Daily Rules, Proposed Rules, and Notices of the Federal Government
Pursuant to section 6(f) of the Federal Trade Commission Act, 38 Stat. 721, 15 U.S.C. 46(f), and § 2.34 the Commission Rules of Practice, 16 CFR 2.34, notice is hereby given that the above-captioned consent agreement containing a consent order to cease and desist, having been filed with and accepted, subject to final approval, by the Commission, has been placed on the public record for a period of thirty (30) days. The following Analysis To Aid Public Comment describes the terms of the consent agreement, and the allegations in the complaint. An electronic copy of the full text of the consent agreement package can be obtained from the FTC Home Page (for August 6, 2012), on the World Wide Web, at
You can file a comment online or on paper. For the Commission to consider your comment, we must receive it on or before September 5, 2012. Write “Renown Health, File No. 111 0101” on your comment. Your comment—including your name and your state—will be placed on the public record of this proceeding, including, to the extent practicable, on the public Commission Web site, at
Because your comment will be made public, you are solely responsible for making sure that your comment does not include any sensitive personal information, like anyone's Social Security number, date of birth, driver's license number or other state identification number or foreign country equivalent, passport number, financial account number, or credit or debit card number. You are also solely responsible for making sure that your comment does not include any sensitive health information, like medical records or other individually identifiable health information. In addition, do not include any “[t]rade secret or any commercial or financial information which is obtained from any person and which is privileged or confidential,” as provided in Section 6(f) of the FTC Act, 15 U.S.C. 46(f), and FTC Rule 4.10(a)(2), 16 CFR 4.10(a)(2). In particular, do not include competitively sensitive information such as costs, sales statistics, inventories, formulas, patterns, devices, manufacturing processes, or customer names.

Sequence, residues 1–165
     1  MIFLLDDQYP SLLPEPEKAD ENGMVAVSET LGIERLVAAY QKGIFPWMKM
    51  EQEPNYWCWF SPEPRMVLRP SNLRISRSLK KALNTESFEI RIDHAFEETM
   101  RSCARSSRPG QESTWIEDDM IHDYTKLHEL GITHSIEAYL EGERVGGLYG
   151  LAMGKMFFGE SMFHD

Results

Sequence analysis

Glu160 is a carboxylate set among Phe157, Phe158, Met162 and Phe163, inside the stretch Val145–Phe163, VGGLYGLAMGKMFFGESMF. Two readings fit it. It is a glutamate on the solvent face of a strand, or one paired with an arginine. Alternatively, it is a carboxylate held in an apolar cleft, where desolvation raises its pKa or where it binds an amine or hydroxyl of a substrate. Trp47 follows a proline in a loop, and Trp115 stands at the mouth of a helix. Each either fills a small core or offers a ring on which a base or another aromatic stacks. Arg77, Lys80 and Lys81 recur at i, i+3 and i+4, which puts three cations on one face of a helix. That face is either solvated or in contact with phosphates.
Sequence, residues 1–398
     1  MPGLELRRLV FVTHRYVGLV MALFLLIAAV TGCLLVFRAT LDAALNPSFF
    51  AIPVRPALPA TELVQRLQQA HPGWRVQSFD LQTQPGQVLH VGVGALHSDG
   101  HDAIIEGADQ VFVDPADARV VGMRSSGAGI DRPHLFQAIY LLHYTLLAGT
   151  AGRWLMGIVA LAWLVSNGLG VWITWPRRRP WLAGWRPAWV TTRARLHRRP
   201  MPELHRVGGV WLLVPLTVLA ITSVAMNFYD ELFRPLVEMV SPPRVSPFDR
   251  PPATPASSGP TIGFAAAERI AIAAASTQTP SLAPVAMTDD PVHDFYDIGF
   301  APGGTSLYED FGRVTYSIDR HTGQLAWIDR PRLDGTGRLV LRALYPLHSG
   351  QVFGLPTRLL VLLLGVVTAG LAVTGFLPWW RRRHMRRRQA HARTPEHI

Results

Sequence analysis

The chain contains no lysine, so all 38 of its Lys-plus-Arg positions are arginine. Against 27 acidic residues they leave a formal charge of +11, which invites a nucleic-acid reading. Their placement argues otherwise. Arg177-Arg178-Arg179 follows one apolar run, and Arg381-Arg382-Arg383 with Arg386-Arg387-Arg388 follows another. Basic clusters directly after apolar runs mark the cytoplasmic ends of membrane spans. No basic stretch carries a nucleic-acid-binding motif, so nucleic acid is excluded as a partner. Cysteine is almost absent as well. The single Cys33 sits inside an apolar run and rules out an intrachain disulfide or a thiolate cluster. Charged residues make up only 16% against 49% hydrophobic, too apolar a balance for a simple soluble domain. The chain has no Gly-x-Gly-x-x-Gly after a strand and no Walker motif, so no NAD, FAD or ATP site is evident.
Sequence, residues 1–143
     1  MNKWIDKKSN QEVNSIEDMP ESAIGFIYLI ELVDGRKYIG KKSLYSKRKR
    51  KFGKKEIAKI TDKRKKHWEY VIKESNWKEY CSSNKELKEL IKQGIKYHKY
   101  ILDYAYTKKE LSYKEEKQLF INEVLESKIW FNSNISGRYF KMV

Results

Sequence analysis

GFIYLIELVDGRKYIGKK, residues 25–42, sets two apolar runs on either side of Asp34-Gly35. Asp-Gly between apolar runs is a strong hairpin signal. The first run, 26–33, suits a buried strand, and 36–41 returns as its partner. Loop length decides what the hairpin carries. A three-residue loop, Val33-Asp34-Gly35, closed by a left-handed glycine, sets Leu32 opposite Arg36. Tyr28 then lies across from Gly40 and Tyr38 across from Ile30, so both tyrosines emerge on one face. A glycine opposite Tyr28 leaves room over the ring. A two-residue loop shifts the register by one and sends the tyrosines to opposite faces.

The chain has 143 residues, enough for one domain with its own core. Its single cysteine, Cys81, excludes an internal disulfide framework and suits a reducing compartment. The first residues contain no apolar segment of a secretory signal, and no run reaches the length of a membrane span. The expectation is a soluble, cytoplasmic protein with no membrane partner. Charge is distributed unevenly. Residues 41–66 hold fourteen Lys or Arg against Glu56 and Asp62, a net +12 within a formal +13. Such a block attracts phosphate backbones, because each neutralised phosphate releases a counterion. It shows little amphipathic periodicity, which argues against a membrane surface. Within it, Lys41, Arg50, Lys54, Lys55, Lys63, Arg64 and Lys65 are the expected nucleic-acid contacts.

If you want the Commission to give your comment confidential treatment, you must file it in paper form, with a